FAIRFIELD, Conn.—A new poll by Sacred Heart University’s Institute for Public Policy, completed in partnership with the Hartford Courant between September 17 and October 2, examined Connecticut residents’ reactions to local quality-of-life issues, rated Governor Ned Lamont’s performance and solicited responses about taxes, immigration, flavored e-cigarettes and the general cost of goods. The results depict an electorate divided by income and party affiliation, with significant concerns over the costs of living in Connecticut and mixed reviews for the governor’s performance to date.
The majority of Connecticut residents surveyed (59.4 percent) reported their quality of life in the state as either “excellent” (16.4 percent) or “good” (43 percent), which remains consistent with the 60.4 percent who reported the same in May of 2019. However, in contrast, a higher rate of September 2019 respondents expressed belief that the quality of life in Connecticut is “declining” (27.8 percent), compared to the rate of those who expressed belief that the quality of life is “improving” (14.9 percent).
Annual income factored significantly in these quality-of-life opinions, with 78.7 percent of respondents earning $150,000 or more per year reporting their quality of life as either “excellent” (41.6 percent) or “good” (37.1 percent), compared to only 45.4 percent of respondents earning less than $50,000 annually. And 30 percent of residents earning between $100,000 and $150,000 per year reported their quality of life in Connecticut as “declining.” Age also was a factor: 46.9 percent of respondents ages 18-34 reported their quality of life as either “fair” (32.6 percent) or “poor” (14.3 percent) when compared to only 29.5 percent of respondents age 65 or older.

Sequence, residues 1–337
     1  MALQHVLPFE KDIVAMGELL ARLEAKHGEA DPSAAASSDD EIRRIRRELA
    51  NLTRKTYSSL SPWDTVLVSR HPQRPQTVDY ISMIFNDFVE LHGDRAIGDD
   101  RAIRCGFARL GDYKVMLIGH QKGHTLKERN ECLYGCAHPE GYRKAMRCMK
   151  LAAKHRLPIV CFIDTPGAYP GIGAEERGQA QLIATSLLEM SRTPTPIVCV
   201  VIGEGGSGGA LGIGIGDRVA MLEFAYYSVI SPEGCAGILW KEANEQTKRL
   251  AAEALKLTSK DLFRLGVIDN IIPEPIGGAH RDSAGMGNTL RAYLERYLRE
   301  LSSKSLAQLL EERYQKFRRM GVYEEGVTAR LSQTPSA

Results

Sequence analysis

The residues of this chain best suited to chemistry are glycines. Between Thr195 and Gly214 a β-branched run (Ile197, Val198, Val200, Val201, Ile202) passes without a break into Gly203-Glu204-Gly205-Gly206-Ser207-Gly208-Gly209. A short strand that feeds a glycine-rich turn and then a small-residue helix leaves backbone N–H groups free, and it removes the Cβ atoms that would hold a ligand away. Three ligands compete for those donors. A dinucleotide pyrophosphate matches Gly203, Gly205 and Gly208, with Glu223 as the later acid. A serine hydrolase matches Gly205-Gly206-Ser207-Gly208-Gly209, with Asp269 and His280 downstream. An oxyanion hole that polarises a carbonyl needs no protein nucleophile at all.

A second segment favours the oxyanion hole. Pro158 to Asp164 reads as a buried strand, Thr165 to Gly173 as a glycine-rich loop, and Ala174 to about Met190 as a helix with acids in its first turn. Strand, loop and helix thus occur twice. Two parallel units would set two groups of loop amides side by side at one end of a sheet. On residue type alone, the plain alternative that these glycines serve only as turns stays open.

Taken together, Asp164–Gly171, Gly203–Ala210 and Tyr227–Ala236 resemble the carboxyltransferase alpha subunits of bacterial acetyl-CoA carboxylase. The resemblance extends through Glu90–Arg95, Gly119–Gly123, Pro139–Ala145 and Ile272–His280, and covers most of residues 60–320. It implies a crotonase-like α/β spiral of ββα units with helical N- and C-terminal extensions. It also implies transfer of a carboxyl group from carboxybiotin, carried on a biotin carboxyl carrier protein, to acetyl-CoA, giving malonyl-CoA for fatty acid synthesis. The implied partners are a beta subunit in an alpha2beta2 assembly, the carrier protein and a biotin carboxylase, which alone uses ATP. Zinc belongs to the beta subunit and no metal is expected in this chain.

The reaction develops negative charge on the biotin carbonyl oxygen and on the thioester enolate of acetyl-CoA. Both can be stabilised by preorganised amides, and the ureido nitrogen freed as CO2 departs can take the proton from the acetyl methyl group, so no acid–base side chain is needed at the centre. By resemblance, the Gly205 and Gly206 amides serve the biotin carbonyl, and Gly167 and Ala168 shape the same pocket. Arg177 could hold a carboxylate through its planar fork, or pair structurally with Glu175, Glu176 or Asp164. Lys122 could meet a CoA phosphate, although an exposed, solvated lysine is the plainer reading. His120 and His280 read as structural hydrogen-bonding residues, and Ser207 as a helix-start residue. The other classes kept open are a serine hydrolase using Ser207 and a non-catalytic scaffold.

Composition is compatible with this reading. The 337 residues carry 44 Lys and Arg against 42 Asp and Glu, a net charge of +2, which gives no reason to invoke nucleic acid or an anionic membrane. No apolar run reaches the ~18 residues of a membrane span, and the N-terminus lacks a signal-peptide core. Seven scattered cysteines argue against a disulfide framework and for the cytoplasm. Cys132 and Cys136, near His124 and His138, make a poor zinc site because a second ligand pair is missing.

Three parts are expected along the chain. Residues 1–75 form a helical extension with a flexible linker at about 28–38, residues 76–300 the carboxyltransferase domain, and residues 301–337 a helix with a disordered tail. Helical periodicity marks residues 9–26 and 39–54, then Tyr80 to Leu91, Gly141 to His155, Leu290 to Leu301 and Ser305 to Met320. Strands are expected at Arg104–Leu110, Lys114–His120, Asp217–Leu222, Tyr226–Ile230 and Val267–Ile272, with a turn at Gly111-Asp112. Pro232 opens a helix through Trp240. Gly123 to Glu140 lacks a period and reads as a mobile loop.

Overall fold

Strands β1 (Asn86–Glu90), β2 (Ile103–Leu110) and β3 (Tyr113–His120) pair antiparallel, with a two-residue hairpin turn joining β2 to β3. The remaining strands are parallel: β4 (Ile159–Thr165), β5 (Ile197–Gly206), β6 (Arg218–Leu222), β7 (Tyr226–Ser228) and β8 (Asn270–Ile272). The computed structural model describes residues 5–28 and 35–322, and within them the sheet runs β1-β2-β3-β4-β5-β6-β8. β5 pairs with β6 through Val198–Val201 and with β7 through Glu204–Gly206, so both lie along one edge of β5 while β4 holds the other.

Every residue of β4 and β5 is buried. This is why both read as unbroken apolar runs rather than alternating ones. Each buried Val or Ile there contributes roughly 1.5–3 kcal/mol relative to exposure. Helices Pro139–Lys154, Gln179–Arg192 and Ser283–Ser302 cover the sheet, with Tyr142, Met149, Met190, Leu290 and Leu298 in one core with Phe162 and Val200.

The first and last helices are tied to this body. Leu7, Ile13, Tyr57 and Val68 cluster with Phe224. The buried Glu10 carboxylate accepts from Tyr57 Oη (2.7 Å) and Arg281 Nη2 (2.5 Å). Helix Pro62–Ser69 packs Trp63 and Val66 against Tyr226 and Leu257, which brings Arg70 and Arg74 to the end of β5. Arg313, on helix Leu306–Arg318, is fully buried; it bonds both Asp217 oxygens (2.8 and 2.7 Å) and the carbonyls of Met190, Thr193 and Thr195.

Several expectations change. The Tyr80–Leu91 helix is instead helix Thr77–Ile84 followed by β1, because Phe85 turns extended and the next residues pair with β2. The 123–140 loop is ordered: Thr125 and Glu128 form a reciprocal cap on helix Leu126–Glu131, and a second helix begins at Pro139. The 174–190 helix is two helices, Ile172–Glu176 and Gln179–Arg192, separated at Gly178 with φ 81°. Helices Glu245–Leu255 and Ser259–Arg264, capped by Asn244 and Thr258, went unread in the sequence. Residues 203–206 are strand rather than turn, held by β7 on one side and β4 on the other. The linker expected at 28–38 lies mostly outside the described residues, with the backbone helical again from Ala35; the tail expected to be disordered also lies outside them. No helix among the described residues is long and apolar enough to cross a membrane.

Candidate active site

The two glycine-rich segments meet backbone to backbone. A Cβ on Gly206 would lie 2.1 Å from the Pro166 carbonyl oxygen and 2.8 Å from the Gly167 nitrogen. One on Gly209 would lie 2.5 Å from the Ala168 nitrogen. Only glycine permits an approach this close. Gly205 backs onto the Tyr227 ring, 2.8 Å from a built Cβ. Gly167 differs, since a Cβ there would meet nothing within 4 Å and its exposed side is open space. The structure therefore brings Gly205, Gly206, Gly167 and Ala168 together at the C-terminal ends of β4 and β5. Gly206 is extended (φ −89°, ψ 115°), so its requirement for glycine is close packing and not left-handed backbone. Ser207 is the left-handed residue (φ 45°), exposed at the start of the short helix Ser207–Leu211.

Expressing longer-term concern, more than half of residents surveyed (58.4 percent) reported it is “very difficult” (19.3 percent) or “somewhat difficult” (39.1 percent) to maintain their standard of living. The top-reported reasons for these challenges included “tax increase - state” (61.1 percent); “price increase – general goods” (50.9 percent); and 50 percent said “increase/high taxes overall.” The perception among a majority of residents that Connecticut is a difficult state to maintain their standard of living is not surprising given the recent sales tax increases that went into effect on October 1 for a host of consumer items. The other items most often cited as expense-related factors include electrical/gas/oil (44 percent), health insurance premiums and co-pays (27.2 percent) and low-paying jobs (27.2 percent).